Builders seek ways to draw homebuyers New ideas, features offered as competition rises in weak market

Objective is differentiation

Sales down for condos, townhouses, up for single-family homes

October 26, 1997|By Robert Nusgart | Robert Nusgart,SUN REAL ESTATE EDITOR

With Baltimore-area new-home sales continuing to creep along, it seems that some builders are literally going back to the drawing boards to come up with new ideas to spark buyer interest.

Housing Data Reports, a Washington-based research firm that tracks new-home sales, stated in its September report that single-family home sales were up slightly for the year, by 3.7 percent, but that townhouse and condominium sales were down 12 percent and 19 percent, respectively, in the Baltimore metropolitan area.

HDR President Anna Pitheon says builders, therefore, are carefully monitoring what is attracting buyers and what isn't.

"The market is so competitive right now that you can't afford to make a whole lot of little mistakes," she said.

Patriot Homes enjoyed brisk sales through the first half of 1997, making the company the No. 5 builder in the Baltimore area. But Patriot President Rick Kunckle agreed that the market has slowed.

"I don't think in this market you can rest on your laurels," Kunckle said. "I think we are constantly searching for new ideas and new product. Things keep changing.

"I have not heard of anyone who says that the market is strong."

Consequently, Pitheon said, it doesn't take much to set a builder back.

For example, she cited a new Baltimore County law that prohibits directional signs used liberally by builders to attract business.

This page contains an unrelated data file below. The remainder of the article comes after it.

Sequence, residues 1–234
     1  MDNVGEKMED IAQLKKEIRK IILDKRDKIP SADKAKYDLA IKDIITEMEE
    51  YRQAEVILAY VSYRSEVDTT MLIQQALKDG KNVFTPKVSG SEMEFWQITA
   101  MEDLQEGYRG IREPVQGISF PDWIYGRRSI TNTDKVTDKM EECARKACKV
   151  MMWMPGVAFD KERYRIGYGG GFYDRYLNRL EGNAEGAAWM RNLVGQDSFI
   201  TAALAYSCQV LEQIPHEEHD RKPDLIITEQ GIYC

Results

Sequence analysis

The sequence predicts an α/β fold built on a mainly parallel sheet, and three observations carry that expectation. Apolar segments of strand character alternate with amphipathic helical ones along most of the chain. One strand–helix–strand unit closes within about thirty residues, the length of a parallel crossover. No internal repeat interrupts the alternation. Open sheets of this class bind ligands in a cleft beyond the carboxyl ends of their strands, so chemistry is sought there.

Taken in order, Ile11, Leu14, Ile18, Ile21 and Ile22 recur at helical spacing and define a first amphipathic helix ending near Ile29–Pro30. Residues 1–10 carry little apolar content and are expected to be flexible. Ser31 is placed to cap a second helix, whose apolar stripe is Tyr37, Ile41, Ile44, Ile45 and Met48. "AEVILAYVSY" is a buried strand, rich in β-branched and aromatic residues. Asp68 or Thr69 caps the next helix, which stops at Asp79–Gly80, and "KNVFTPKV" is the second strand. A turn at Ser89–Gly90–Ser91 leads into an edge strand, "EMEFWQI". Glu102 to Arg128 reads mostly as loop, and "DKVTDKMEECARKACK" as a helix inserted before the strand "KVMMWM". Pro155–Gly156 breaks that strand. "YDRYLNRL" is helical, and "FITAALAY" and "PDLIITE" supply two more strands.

"You can't get [directional] signs on the weekend and, to boot, you're in a trailer. Those two things, combined, are enough to squash the [sales] momentum for at least a quarter," she said.

Pitheon said she is impressed with the new designs she has seen in the past few months.

"There's definitely more attention this year. Last year, I was just bored by the market. Product didn't just seem that innovative or interesting," she said.

"We are looking for a way to differentiate our styles from our competition and offer something new and different," Kunckle said.

Pitheon cited several examples of how builders are trying to increase interest.

Among them:

* Kitchens that are being redesigned for growing families.

* Smaller living rooms and bigger family rooms.

* Master bedrooms that provide sitting areas.

* Bathrooms designed for couples.

She said the builders she talks to are all looking for the one little thing that's going to give them an edge.

Pitheon said Mid-Atlantic Builders of Prince George's County found a new way to make the master bath more appealing. Since the working wife and husband need to share the space at the same time, Mid-Atlantic has done away with the side-by-side dual sink and designed a bath with a "his counter and her counter."

Kunckle added that Patriot has tinkered with the color scheme of its kitchen appliances, changing from the traditional white-on-white to one that adds more pizazz.

"The appliances are in bright colors -- metallic green, metallic blue, red and bronze," he said.

He said Patriot's new designs allow for higher ceilings for family rooms and the creation of an interior wall for a fireplace and an entertainment center.

"You can face the fireplace and watch TV at the same time," he said.

Pitheon noted that builders who reduced the number of standard luxury features are now putting some of those back.

So, as builders go into the final months of 1997, they are hoping that these changes will take hold and possibly spur sales into 1998.

"If everyone was getting four sales a month on their communities, everyone would just be fat and happy and people wouldn't continually innovate and reinvent the American Dream," Pitheon said.

"But the market is not generating four sales a month for every subdivision out there, and when you're a builder you've got to build."

Pub Date: 10/26/97

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